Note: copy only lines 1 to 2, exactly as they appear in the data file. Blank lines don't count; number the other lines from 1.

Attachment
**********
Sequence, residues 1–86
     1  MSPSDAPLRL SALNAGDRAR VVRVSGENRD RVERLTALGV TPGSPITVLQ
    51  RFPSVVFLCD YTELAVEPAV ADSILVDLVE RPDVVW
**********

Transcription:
Sequence, residues 1–86
     1  MSPSDAPLRL SALNAGDRAR VVRVSGENRD RVERLTALGV TPGSPITVLQ